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Women’s Health Insurance Coverage

This fact sheet provides updated statistics on health coverage and describes the major sources of health insurance for non-elderly adult women ages 18–64, including employer-sponsored or job-based coverage, Medicaid, insurance in the individual market, and Medicare. It also provides data on the more than 19 million women who are uninsured, and summarizes the major implications of the Affordable Care Act (ACA) for women and their health coverage.

Emergency Contraception

This fact sheet reviews current national and state policies around Emergency Contraception, including methods, patient awareness, access and availability, and insurance coverage. Among methods discussed are ulipristal acetate (including ella), copper IUDs (including Copper-T IUDs), and progestin-based pills (including Plan B, Next Choice,Levonorgestrel and Fallback Solo).

The HPV Vaccine: Access and Use in the U.S.

The Food and Drug Administration has approved two vaccines against infection by certain strains of human papillomavirus (HPV), the most common sexually transmitted infection in the United States. Initially, the vaccines were recommended only for girls and young women, but in 2011 the Centers for Disease Control and Prevention broadened them to include boys and young men. This fact sheet discusses HPV and cancers related to the virus, use of the HPV vaccines for both females and males, and insurance coverage and access to the vaccines.

Women and Health Care in the Early Years of the ACA: Key Findings from the 2013 Kaiser Women’s Health Survey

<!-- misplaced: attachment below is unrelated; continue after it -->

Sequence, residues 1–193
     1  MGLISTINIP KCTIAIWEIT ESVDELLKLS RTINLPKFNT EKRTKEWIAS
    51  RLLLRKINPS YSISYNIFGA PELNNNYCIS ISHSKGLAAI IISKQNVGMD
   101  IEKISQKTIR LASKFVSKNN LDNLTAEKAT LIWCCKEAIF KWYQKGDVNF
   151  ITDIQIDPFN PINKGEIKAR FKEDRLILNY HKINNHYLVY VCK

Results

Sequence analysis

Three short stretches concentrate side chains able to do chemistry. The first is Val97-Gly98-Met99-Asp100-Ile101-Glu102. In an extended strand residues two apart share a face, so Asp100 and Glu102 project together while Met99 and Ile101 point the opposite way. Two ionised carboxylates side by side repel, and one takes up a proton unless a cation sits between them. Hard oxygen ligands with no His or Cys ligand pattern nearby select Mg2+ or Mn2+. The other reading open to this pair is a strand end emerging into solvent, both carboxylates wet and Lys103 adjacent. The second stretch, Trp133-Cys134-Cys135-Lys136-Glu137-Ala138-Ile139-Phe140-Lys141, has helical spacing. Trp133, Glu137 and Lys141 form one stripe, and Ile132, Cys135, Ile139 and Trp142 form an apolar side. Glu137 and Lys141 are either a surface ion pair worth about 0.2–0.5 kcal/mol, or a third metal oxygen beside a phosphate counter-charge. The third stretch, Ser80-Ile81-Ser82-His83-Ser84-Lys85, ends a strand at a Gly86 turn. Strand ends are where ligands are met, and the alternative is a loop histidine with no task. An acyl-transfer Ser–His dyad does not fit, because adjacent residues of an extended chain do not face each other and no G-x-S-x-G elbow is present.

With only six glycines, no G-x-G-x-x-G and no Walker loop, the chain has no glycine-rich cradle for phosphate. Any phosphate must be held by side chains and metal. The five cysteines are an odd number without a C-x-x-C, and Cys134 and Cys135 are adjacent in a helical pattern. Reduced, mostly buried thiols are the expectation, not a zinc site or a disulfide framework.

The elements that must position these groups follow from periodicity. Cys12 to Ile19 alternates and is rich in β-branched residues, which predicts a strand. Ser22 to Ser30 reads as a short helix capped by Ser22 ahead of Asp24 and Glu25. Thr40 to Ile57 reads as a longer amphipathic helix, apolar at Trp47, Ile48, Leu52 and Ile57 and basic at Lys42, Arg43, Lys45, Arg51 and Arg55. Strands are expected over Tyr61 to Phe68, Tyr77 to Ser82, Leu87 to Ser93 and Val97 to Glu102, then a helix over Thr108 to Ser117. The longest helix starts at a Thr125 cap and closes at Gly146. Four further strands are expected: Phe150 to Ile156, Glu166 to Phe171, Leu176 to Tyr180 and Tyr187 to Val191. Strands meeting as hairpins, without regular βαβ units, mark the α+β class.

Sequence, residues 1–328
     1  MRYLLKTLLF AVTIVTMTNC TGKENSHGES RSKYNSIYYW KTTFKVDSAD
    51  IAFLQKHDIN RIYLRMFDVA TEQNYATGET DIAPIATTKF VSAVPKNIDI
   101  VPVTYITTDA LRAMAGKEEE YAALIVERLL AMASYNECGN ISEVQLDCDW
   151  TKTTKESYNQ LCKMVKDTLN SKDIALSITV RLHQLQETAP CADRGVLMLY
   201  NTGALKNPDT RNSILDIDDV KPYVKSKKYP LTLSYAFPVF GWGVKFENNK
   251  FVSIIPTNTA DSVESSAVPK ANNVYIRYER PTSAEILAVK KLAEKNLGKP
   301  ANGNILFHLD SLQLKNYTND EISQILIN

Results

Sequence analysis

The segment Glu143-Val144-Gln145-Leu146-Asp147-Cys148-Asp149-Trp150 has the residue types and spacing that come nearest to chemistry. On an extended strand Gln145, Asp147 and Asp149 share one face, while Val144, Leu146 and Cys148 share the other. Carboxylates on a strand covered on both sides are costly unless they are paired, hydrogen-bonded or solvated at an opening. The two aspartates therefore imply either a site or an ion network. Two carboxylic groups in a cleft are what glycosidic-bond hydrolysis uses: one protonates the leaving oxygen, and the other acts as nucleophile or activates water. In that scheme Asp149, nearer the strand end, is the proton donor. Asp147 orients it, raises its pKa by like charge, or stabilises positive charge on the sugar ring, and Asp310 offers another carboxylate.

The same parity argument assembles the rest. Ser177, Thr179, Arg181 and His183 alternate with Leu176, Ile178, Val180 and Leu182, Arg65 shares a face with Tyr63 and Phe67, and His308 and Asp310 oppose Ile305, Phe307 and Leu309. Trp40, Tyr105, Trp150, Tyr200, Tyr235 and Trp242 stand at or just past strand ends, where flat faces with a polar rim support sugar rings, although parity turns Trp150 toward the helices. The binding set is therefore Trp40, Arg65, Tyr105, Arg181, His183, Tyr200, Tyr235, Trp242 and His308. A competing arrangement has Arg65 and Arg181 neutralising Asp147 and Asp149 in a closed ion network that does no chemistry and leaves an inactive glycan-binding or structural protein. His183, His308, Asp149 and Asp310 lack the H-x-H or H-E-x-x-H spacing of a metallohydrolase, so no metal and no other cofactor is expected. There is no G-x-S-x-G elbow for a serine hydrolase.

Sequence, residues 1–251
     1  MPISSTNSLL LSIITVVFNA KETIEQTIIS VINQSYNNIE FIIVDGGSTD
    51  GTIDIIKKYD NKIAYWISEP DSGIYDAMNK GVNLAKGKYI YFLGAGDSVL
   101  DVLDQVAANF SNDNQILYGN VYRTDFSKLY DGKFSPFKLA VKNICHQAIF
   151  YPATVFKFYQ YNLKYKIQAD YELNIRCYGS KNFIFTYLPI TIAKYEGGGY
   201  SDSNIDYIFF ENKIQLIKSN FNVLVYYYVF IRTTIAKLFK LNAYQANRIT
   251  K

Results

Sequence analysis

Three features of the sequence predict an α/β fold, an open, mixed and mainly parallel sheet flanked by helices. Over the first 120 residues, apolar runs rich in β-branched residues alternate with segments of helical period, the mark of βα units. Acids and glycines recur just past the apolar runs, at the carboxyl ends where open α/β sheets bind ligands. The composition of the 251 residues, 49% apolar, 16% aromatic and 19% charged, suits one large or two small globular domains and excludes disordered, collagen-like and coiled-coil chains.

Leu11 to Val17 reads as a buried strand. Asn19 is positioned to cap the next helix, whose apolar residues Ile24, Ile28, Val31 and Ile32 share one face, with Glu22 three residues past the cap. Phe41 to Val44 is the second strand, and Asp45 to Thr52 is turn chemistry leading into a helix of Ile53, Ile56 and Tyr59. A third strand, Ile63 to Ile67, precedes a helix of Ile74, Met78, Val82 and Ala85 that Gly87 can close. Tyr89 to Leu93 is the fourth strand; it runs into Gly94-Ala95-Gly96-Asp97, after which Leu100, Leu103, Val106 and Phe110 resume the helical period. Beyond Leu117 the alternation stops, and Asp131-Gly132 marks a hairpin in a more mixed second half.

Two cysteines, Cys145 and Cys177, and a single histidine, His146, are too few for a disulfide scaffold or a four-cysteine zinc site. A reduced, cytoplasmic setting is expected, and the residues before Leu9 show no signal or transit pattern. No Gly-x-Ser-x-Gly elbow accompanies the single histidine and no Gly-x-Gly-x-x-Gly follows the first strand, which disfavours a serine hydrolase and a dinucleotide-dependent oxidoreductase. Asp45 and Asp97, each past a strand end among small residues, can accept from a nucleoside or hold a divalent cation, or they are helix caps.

This report addresses a wide range of topics that are at the heart of women’s health care, as well as changes that women may experience as a result of the Affordable Care Act (ACA). The findings in the report, based off a nationally representative survey conducted by the Kaiser Family Foundation, highlight differences in health care for uninsured, low-income, and minority women. Other focus areas include: coverage, access, and affordability; connections to health providers; access and utilization of preventive services; and reproductive and sexual health services for women of reproductive age, such as contraception and family planning services and screenings for sexually transmitted infections (STIs).

After the Wars: Survey of Iraq and Afghanistan Active Duty Soldiers and Veterans

This partnership poll from The Washington Post and the Kaiser Family Foundation explores the views and experiences of adults who served in the Iraq or Afghanistan wars as members of the U.S. military in the period after the terrorist attacks of Sept. 11, 2001. The majority of veterans of these conflicts say that Americans appreciate their service and that gestures of support are genuine, but many report a number of challenges, including economic struggles, worse physical and mental health than prior to their engagement, and feeling disconnected from civilian life.